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*sigh* - reporting time again

post #1 of 14
Thread Starter 

Hi there have been SO MANY interesting conversations going on here and I haven't even had time to read through all of them let alone respond, even though I was practically jumping to do so!  

 

Anyway ... in the interests of not panicking come May when we have to report to our County, I am trying to figure out how to show evidence of our work in a few areas.

 

Math - dd loves math and does it all the time - of late she's been doing Khan Academy on line ad I am not sure if there is anyway to get a written report (printout) from that site.  They provide all kinds of data on what you've done that day / week etc but I could not even copy and past the "daily activity report."

 

 

Reading / writing - dd reads nonstop but has been resistance to the kinds of writing exercises the County Reviewer suggested last year like, "why do you think this character likes x" or  "how did this character face this problem, what would you do ... " or "what would have happened differently if she decided to do y..."  any such suggestion shuts her down.

 

Yet we have to document that she "thinks" and "comprehends" not only "reads"

 

In fact while reading aloud we have discussions on almost every page - everything makes her think about something.  Any tips on writing exercises that might be more interesting and capture what is already going on in her mind?

post #2 of 14

Must she write about her reading?  Could she draw a picture about a key scene?  Make a diorama (which you could photograph for the reviewer)?  Maybe you could keep a diary of field trip and activity ideas you guys get from your reading, and make scrapbook pages of the activities you actually do, or pretend scrapbook pages of some of the stuff you can't really do?  When kids do this stuff in school, it's considered wonderfully creative, right?

 

For the math, I'd make my own summary of her work on Khan.  Probably something like a list of the subjects which she has "passed" and an estimate of how many hours a week she devotes to it (if the number is more than @2 1/2, and less than @6-- I think outside that range might raise eyebrows, so I'd leave it out.)  Or: have you tried capturing a screenshot of the reports?  How to do it depends on your operating system: here's a link to how to do it on a windows machine: http://support.microsoft.com/kb/173884

 

Just some ideas.  If my kids had been expected to produce writing to prove reading comprehension at that age, it would not have gone well.  I always assumed that the only reason schools did that was because it's impractical to have the teacher sit and talk with every kid.  Actually the whole need to confirm that kids understand what they read is a product of an environment where kids are told what to read. Otherwise, kids would naturally migrate to the level of books they can understand.  (Sore subject with me, we have a teacher in the family who is CONVINCED that my kids don't actually comprehend the books they read, so she's always buying them stuff that much too easy).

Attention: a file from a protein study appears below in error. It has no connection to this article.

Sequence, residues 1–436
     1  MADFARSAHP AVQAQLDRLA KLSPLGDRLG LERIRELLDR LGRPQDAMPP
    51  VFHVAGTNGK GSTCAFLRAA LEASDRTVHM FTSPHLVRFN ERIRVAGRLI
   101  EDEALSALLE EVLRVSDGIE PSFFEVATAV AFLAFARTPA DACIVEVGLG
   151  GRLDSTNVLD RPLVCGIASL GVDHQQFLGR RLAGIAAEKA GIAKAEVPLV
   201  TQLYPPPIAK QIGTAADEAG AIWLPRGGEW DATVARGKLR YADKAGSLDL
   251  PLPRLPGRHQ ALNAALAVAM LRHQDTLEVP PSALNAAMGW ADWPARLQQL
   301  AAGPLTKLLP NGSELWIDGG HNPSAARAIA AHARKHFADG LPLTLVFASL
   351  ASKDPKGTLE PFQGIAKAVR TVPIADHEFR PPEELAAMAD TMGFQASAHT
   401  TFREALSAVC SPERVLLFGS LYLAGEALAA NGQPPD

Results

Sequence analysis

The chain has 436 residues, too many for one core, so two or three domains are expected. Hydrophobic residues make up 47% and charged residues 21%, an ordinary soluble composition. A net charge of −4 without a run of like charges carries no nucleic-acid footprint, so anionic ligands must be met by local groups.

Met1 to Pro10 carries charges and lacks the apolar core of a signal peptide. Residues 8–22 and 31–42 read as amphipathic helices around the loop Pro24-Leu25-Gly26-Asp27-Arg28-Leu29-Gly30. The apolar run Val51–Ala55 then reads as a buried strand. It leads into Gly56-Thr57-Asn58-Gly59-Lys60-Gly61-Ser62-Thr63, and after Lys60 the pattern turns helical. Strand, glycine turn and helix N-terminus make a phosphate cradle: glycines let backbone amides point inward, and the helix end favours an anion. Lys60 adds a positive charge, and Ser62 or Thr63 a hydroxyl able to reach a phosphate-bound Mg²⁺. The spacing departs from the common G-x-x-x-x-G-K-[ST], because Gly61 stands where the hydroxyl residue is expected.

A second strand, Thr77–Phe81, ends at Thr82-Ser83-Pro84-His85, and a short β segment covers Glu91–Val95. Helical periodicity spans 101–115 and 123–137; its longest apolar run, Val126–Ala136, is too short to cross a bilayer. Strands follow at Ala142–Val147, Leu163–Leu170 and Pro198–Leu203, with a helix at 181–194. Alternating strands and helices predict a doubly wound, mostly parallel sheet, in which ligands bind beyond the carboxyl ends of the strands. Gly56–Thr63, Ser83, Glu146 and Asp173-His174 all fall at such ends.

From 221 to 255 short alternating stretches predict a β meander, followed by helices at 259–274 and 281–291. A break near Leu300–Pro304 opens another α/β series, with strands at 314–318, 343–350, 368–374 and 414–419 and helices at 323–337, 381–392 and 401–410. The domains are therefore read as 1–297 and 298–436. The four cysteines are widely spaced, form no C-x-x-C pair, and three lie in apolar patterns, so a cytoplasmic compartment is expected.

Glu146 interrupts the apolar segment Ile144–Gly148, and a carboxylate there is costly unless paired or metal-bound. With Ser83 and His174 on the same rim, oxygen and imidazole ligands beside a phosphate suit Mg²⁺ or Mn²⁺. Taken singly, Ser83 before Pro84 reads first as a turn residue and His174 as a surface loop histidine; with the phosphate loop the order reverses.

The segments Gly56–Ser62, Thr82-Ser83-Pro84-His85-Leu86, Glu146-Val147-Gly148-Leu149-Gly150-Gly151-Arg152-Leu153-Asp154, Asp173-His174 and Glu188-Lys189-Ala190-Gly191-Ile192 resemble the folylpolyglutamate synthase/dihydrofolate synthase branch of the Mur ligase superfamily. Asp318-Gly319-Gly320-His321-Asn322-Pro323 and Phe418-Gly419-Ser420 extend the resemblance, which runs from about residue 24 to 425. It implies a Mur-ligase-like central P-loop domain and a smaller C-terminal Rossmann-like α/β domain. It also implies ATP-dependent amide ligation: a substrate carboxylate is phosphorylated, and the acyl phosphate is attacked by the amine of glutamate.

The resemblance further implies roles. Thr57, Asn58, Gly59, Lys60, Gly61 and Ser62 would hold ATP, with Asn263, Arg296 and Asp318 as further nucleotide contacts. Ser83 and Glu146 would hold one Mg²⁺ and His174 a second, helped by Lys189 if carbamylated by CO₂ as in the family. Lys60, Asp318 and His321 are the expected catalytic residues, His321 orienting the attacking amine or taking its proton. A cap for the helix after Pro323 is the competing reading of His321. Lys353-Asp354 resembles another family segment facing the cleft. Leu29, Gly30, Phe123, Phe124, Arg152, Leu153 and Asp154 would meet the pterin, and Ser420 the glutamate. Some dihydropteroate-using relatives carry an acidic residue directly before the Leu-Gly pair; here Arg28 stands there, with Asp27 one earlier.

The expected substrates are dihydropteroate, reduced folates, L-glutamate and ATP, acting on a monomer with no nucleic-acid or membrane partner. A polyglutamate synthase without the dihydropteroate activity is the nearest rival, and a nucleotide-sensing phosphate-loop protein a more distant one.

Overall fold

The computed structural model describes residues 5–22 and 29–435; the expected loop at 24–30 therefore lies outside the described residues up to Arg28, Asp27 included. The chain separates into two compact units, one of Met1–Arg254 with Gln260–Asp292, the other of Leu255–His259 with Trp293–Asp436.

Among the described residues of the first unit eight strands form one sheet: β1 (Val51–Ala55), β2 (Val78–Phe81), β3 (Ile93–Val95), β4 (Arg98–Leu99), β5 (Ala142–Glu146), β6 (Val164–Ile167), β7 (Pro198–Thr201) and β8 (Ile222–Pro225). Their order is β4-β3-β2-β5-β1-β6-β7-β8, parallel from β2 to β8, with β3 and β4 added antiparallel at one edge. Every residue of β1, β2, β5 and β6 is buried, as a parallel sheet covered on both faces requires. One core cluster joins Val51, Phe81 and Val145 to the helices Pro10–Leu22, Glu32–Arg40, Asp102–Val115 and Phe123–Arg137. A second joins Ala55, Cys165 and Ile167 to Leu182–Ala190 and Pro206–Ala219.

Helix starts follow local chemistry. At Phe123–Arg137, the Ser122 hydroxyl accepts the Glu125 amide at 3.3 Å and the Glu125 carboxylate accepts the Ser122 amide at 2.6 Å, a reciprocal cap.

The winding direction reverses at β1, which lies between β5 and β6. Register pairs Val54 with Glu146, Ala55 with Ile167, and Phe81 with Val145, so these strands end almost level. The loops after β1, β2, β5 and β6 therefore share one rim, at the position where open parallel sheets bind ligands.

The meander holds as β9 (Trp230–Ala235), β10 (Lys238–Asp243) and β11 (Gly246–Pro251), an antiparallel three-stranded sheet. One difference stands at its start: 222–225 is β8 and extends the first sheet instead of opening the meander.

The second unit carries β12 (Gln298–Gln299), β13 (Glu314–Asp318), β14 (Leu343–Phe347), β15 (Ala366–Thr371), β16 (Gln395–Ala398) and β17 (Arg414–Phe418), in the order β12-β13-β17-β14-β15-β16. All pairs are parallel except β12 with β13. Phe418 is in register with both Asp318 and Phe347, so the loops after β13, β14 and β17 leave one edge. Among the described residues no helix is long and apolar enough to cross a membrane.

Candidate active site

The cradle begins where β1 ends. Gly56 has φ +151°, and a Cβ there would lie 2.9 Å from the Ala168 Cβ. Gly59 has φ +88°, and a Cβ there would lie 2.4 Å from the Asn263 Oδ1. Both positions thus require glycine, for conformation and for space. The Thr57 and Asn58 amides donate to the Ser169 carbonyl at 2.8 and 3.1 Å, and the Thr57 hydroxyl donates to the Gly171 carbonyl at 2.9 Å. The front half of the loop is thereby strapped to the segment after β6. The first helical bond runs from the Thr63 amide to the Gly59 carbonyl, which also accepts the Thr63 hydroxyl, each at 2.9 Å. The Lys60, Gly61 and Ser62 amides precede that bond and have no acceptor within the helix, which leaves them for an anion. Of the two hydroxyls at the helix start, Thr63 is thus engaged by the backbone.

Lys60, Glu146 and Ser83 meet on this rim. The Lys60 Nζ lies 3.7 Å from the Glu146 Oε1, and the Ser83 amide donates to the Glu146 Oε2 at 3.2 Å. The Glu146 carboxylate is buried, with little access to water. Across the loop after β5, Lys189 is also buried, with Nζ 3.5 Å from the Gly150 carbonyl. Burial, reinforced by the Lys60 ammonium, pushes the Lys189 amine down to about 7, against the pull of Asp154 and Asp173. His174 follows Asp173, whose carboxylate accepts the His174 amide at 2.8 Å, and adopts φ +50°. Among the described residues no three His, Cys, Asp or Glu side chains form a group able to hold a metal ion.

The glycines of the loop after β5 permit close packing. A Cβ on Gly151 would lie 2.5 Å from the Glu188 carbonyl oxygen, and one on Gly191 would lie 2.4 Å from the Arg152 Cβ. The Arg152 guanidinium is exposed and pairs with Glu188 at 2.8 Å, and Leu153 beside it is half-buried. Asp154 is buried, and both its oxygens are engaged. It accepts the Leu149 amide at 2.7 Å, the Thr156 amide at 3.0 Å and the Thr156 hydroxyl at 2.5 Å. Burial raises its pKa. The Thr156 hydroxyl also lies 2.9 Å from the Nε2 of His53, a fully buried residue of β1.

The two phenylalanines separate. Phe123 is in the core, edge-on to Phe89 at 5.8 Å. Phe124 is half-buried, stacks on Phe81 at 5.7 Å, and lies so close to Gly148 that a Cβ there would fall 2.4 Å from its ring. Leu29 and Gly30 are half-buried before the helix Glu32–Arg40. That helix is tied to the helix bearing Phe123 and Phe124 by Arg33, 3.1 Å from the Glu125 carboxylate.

Edited by onatightrope - 1/25/12 at 6:30am
post #3 of 14
Quote:
Originally Posted by rumi View Post

Yet we have to document that she "thinks" and "comprehends" not only "reads"


Then you should be able to type up her thoughts (take dictation) rather than have her physically write something.  Just a matter of being at a computer while she is talking about a book. Not ideal for regular bedtime reading and conversation but it shouldn't be too difficult to do a couple of times. If they want handwriting samples, it could be something simpler like a letter. Kids who find writing difficult sometimes dumb down their written language, figure out how to write something with as few letters as possible so they use simpler language and explain things less fully. So we keep handwriting and composition separate since ds hates handwriting. My ds's writing (composition) samples are always stories he dictates while I type.

 

With the math, can you do something called taking a screenshot? I know dh and ds do that with some things but I don't personally have any experience with it.  This website might be helpful: http://take-a-screenshot.org/

 

post #4 of 14

For math could you take a screen shot of the page that shows what she has done and print that out?

post #5 of 14

For comprehension, while I am not exactly a cheerleader of multiple choice tests, maybe this will be a painless way to meet the requirement.

 

You give her something to read and then hand her a 5 question multiple choice test that you made up yourself. Voila. Comprehension.

post #6 of 14
Quote:
Originally Posted by laohaire 

 

You give her something to read and then hand her a 5 question multiple choice test that you made up yourself. Voila. Comprehension.

That's how the standardized tests do it, after all!
 

 

post #7 of 14
Thread Starter 

Thank you ladies, I did screen print.   Easier done than said!

 

Now on to writing ... I hope they don't mind typed out stuff...